What would you do if your mum leaves when you’re 11, your dad leaves you at 13, you then lived with your grandma who dies when you’re 16, and you then marry a man who beats you for the next 16 years until you attempt suicide and fail?
If you are Tina Turner, you go on to start a new life, sell 200 million records and break the Guinness Book of Records for selling the most concert tickets of any solo performer in history.
Tina’s mother ran away when Tina was 11, to escape the abuse of her father. As she remembers, “I thought she was going to send for me, but she never did. She didn’t have the money to take my sister and me with her.”
Two years later, her father abandoned Tina as well, and she went to live with her grandmother. Three years later, her grandmother died and Tina had to seek out her mother. She says, “My mother didn’t want a child, so I experienced being unwanted. But I found love when I was with myself. I went with nature, with animals, and I found love and harmony. I would come home at the end of the day—braids pulled out, my dress torn—and of course I got asked, “Where have you been all day!?” But I had been in a world of love and happiness.”
When she was 18, Tina met Ike Turner, who was singing with his band, the Kings of Rhythm. After a few years together, by a piece of luck, Tina got her wish to sing when Kings of Rhythm vocalist, Art Lassiter, failed to show up at the recording studio. Tina stood in for him, and the song she sang, “A Fool in Love” found its way to R&B label, Sue Records, who bought the rights and launched Tina’s singing career.
But Ike had already begun abusing her, hitting her often while on cocaine, pouring hot coffee on her face, and burning her lips with cigarettes. It led Tina to attempt suicide in 1968, taking 50 valium only for the hospital to pump her stomach and for her to revive with Ike at her side.
Tina says, “When I look back on that time now, it was just hell. So why didn’t I walk out? I had nowhere to go. I didn’t have money—and neither did my mother. We hadn’t had a hit for a while. He was spending most of the money on drugs. Expenses were mounting. I was upset because I wasn’t receiving a dime.”
In 1974, at 34 years old, Tina turned to Buddhism: “The women who sold drugs to Ike said, “What are you doing here, Tina? How can you live with this madness?” Then one day, someone told me, “Buddhism will save your life.” I was willing to try anything. I started to chant. Once, I chanted, went to the studio, and put down a vocal, just like that. Ike was so excited that he gave me a big wad of money and said, “Go shopping!” I thought, “This chanting stuff works.”
The abuse continued, but Tina began chanting for three hours every day: “Nam-myoho-renge-kyo”
Tina explains: “Nam-myoho-renge-kyo” is a song. It is a sound and a rhythm and it touches a place inside you. I believe that it is the highest place and, if you communicate with it, that is when you receive information on what to do.”
What does the four-word buddhist chant mean? “Nam” is devotion. “Myo” is mystic. “Ho” is law. “Renge” means lotus blossom. “Kyo” means sutra. The message in the chant is that those who live normal lives but persevere will eventually triumph.
It was a full 16 years of abuse – and 2 years of chanting – before Tina left Ike forever in 1976. “When I started chanting is when I started using my head. I started thinking, “I’m not going to kill myself, there’s nothing here for me. This person doesn’t realize that I am helping him, that I have tried to be good and kind.”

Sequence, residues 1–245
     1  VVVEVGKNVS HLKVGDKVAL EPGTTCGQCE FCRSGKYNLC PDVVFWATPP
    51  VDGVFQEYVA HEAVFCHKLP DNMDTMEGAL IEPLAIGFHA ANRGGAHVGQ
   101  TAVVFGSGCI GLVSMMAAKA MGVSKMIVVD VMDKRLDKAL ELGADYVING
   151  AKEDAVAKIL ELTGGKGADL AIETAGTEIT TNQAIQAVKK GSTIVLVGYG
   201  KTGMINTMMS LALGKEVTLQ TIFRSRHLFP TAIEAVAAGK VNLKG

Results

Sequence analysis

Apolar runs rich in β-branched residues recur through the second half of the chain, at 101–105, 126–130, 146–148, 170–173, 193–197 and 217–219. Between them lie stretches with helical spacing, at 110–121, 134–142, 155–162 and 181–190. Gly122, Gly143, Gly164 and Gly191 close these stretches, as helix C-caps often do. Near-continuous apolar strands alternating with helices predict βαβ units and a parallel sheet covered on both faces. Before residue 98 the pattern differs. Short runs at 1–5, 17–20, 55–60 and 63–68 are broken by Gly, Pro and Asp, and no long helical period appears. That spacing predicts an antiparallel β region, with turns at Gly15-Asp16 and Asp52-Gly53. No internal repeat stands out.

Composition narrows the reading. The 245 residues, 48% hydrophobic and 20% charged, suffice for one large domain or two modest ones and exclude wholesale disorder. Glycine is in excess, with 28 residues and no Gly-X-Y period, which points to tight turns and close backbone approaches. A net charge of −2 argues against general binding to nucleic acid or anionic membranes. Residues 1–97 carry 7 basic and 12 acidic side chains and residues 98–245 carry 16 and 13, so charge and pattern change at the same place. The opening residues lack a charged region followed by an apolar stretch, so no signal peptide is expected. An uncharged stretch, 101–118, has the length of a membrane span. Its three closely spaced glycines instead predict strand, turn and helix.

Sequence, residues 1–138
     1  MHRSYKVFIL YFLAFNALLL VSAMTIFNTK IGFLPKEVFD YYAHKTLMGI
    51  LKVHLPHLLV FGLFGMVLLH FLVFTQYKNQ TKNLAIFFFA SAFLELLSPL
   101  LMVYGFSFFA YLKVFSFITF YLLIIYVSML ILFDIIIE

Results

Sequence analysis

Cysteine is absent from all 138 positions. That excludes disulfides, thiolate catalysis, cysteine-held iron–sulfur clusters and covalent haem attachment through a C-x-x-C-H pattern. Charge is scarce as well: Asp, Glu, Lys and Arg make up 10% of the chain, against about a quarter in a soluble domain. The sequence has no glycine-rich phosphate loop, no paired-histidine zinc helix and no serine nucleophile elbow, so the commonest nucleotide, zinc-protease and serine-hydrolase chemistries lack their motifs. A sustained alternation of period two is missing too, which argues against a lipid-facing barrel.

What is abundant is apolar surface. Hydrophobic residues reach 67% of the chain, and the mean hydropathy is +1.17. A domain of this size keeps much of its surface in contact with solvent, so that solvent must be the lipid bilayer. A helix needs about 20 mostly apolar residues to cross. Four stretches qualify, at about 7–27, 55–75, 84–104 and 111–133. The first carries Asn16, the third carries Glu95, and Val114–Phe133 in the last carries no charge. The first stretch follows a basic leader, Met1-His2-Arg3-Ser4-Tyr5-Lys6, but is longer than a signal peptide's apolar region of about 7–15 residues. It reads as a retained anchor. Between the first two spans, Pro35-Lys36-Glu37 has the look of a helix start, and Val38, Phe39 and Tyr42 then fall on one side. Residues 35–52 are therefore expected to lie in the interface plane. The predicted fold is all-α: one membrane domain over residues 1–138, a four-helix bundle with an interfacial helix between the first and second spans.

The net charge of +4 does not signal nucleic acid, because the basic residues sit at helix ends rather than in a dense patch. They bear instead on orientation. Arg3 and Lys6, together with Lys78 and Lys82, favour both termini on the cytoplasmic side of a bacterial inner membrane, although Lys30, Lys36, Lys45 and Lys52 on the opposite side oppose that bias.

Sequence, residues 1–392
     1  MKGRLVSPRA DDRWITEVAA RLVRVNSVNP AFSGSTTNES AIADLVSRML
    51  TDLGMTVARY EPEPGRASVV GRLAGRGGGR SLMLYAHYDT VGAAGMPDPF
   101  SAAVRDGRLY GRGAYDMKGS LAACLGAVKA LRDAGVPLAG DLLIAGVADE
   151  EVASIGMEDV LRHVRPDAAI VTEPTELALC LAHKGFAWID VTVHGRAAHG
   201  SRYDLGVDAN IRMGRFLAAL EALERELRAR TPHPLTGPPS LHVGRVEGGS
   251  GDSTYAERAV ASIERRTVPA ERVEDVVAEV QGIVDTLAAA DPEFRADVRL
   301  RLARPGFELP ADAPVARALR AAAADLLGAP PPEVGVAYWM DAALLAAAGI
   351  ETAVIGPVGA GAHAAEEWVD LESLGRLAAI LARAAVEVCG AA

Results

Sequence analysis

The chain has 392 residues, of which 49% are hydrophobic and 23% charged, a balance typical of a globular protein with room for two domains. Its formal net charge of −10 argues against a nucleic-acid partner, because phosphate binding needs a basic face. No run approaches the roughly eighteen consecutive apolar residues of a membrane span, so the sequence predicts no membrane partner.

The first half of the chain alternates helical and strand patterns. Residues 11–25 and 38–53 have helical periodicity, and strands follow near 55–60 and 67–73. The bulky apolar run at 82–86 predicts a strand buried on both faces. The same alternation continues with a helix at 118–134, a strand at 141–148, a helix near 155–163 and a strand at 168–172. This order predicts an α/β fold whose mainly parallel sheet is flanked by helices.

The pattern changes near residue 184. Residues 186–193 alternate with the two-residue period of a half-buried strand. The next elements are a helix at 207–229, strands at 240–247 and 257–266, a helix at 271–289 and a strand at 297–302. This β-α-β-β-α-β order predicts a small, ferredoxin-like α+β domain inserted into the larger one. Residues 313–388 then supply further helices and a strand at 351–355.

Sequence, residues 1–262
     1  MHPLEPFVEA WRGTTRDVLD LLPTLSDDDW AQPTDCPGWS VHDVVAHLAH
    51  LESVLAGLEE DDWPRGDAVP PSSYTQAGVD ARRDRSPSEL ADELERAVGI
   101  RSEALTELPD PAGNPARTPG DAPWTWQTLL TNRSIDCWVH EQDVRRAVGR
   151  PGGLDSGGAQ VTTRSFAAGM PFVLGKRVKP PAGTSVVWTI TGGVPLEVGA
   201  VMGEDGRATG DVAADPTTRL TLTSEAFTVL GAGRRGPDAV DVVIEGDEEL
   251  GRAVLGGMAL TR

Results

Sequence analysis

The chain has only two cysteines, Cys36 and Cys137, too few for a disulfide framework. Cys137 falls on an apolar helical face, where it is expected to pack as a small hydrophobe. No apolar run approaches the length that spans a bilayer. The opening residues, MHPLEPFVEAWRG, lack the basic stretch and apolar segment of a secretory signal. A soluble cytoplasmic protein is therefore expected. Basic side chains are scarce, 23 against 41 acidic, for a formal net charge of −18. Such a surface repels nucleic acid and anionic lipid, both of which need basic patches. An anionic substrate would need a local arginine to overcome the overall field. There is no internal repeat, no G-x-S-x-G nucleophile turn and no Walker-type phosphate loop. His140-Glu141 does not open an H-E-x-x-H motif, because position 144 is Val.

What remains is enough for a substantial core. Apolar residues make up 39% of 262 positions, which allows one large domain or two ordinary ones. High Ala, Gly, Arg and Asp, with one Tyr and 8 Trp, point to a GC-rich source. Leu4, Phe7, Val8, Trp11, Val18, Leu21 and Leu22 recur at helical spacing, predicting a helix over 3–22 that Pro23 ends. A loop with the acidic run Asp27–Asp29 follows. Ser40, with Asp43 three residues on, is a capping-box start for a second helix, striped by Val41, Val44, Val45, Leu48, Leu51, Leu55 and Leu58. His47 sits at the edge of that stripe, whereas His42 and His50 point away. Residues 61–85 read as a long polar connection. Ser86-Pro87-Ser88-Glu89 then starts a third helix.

One night, after a violent and bloody row, she escaped with 36 cents in her pocket and fled to Los Angeles. She went for months living on food stamps, cleaning houses and singing in bars. Then, Ike found her: “When he finally found me, he asked if I would see him. I went out and sat in the car to talk with him. I knew exactly where the door handle was. So when he said, “You motherf—er,” I was out of the car and back in the house. I think he told my mother that he was happy I’d gotten out of the car because he had a gun and was planning to kill me.”
It took another two years to get a divorce, leaving her with even more debt from cancelled shows and unpaid taxes. Then, it took eight more years, until 1984, before Tina had her first solo album, “Private Dancer. The record sold more than 10 million copies and she won three Grammys.
Tina was 44 years old, and her new #1 song “What’s Love Got to Do with It” made her the oldest female artist to have a US number one hit.
From there, everything took off. At her 1988 Break Every Rule tour, Tina broke the world record for the largest paying audience at a solo concert – 184,000 people, at the Maracanã in Rio de Janeiro. For the next 12 years, the combination of her hit songs and concerts gave her the title “The Queen of Rock’n’Roll”, and culminated in the Twenty Four Seven Tour in 2000. She rocked it at 60 years old, grossed over $100 million and the Guinness Book of Records awarded Tina the record for the most concert tickets sold by any solo performer in history.
Tina says “I didn’t have anybody, really, no foundation in life, so I had to make my own way. Always, from the start. I had to go out in the world and become strong, to discover my mission in life. My legacy is that I stayed on course… from the beginning to the end, because I believed in something inside of me.”
What message from Tina’s life resonates with you? What noise on the outside is drowning out the voice inside? What do you need to give up to claim your own legacy?
In 2013, Tina appeared on the German issue of Vogue Magazine, becoming the oldest person worldwide to appear in Vogue. Asked what her beauty secret was, she said “My greatest beauty secret is being happy with myself.”
Today, Tina is still performing. She is now 76 years old.